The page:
Christiaan Brinkerink
Christiaan Brinkerink

What happens when you fall into a black hole?

Some people suffer from mental black holes, but black holes can also literally be found in the universe. We do not know what a black hole looks like inside, but a lot of strange things would happen to you if you were to fall in. Nijmegen astronomers are investigating these mysterious objects.

A black hole is an area in space with such strong gravity that nothing can escape from it, not even light. Hence the name 'black' hole. Black holes are common across the universe. In our own galaxy, there may be millions of them floating around, including one supermassive one, called Sagittarius A*.

This makes it difficult for scientists to find out precisely what goes on inside such a hole; it's not exactly easy to take a peek. But with theories and calculations, astronomers can predict what would happen to a person if they fell into it.


“It depends on how big the black hole you fall into is,” says astronomer Christiaan Brinkerink. With a relatively small hole, say 5 to 10 kilometres from the centre to the edge (the 'observation horizon'), you would be pulled apart into a long string. This would happen well before you reached that horizon. In a large black hole, heavier than approximately 5,000 suns put together, this would only happen once you had already disappeared behind the horizon.

This is due to what is known as tidal forces, which we are also familiar with on Earth: the Moon pulls on the Earth, and the Earth rotates on its axis. The Moon always pulls harder on the side of the Earth that is closer to it. These differences in tensile strength lead to such phenomena as ebb and flow in the sea.

Something similar happens in a black hole. “Imagine falling with your feet first towards a black hole,” says Christiaan. “The hole will pull harder on your feet than on your head, because your feet are closer to it. This will pull you apart. With a small hole, the difference in distance between your feet and your head is relatively larger than with a large hole (when compared to the size of the black hole itself), and the difference in gravity is therefore also stronger.”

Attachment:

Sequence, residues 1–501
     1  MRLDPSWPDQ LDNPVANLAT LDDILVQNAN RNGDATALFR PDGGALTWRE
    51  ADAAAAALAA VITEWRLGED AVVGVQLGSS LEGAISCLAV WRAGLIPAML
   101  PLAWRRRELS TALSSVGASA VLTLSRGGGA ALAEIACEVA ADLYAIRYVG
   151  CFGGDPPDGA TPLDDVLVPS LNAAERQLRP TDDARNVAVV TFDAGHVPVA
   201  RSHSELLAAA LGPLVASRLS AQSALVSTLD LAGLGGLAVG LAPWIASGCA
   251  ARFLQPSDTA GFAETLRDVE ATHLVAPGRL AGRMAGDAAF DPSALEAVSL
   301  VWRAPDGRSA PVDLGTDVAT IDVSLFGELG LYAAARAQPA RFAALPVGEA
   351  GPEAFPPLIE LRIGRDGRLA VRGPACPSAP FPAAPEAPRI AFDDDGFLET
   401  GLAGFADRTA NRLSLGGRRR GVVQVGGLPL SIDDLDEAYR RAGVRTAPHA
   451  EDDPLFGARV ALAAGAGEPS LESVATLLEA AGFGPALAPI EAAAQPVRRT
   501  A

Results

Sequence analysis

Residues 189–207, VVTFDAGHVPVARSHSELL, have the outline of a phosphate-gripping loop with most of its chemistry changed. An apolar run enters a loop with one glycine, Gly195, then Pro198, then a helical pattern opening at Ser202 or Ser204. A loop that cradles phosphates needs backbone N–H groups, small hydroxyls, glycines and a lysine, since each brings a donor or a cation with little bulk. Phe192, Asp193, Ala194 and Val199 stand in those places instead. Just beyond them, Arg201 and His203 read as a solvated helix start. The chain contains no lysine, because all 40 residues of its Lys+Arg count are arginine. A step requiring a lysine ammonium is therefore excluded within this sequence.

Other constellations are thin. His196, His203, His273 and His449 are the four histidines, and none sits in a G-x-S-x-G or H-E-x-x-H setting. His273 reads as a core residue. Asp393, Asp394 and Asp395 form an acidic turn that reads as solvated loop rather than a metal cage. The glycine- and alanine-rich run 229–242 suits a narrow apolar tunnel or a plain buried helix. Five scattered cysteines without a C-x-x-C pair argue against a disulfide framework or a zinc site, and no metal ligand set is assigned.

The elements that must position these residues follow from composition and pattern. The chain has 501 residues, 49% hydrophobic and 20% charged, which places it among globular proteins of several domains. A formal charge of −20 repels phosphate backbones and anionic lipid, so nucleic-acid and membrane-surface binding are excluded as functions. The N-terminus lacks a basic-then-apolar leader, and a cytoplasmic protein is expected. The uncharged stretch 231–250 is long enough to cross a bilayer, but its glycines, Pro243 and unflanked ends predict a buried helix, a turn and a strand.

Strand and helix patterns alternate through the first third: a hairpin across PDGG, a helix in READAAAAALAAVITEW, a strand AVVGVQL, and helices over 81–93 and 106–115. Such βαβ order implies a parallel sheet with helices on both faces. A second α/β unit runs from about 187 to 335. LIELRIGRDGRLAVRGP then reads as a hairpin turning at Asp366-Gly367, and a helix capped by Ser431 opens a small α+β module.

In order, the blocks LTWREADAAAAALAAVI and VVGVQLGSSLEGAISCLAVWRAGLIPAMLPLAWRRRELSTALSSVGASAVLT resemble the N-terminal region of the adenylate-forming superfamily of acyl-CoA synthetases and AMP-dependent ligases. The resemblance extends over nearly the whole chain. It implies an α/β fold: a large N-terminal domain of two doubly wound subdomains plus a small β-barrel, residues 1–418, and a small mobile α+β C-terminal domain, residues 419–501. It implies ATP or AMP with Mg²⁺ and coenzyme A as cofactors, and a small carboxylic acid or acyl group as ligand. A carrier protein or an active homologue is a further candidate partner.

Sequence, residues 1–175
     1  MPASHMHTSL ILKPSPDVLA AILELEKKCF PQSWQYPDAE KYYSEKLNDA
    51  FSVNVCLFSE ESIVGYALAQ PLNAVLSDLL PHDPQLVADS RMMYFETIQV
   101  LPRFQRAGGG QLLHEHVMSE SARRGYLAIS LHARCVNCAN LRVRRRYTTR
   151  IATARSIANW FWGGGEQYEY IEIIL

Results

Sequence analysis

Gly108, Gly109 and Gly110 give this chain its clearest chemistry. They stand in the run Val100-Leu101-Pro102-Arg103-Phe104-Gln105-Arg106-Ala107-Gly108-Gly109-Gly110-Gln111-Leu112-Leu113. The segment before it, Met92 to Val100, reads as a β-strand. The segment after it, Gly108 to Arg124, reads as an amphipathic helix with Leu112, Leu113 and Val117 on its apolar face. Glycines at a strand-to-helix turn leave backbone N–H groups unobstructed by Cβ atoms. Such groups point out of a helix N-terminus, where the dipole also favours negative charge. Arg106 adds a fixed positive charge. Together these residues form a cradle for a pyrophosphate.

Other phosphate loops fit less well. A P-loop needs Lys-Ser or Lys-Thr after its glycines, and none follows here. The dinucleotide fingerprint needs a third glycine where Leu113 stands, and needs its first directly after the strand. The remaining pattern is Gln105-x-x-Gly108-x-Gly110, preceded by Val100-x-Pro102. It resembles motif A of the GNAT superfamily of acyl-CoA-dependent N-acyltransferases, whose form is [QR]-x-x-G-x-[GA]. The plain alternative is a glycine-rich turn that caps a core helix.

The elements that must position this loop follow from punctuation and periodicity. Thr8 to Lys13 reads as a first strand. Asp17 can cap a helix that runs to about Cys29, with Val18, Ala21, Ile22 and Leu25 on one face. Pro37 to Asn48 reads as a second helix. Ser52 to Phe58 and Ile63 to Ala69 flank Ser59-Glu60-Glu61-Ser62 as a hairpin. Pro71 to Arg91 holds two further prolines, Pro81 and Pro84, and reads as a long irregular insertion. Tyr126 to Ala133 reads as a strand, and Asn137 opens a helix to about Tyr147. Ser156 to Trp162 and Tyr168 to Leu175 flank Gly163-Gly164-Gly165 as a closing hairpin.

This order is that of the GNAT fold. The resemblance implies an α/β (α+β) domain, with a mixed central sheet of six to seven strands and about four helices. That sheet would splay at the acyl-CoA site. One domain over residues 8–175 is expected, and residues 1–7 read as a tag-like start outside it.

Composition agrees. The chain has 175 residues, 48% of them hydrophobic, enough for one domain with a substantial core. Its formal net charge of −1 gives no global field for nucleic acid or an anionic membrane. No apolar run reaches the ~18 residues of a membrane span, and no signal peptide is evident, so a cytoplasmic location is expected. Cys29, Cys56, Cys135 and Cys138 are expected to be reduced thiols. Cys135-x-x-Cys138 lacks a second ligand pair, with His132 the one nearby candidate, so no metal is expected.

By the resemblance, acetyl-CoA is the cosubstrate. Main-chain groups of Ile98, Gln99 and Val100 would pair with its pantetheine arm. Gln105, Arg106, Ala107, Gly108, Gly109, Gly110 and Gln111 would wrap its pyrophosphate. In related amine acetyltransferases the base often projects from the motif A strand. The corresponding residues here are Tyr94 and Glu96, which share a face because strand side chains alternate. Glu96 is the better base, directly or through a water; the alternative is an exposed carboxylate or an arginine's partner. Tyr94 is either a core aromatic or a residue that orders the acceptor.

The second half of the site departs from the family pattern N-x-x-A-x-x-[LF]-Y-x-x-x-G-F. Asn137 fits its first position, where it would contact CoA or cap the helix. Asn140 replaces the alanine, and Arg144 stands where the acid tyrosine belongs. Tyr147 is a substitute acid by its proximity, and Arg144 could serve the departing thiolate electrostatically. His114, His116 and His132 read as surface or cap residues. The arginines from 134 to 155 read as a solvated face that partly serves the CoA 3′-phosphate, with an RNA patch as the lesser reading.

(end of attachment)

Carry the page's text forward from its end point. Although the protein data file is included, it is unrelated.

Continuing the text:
First photograph ever of a black hole

At Radboud University, astronomers investigate the physical processes that take place when hot gas or stars come close to black holes. “Nearby stars are stretched into huge strings and a lot of radiation is released. We sometimes see this as a flash of light with our telescopes. We can also see very precisely what happens at the edge of a black hole. We do this with a set of telescopes stringed together, known as the 'Event Horizon Telescope'. This allowed us a few years ago to take the first photograph ever of a black hole in the universe.”

While you can literally fall into a black hole with a bit of imagination, you can also fall into a black hole psychologically. This is another area in which Radboud University researchers frequently conduct research. Would you like to know more about black holes in the universe, psychological black holes or other Radboud University research? At Radboud Recharge, you can find answers to all kinds of science-related questions.

100 Years of Radboud University

In 2023, Radboud University celebrates 100 years of playing a significant role in the life of our students, researchers, and staff, as well as in the world around us. For more information on the University’s 100th anniversary, see here.

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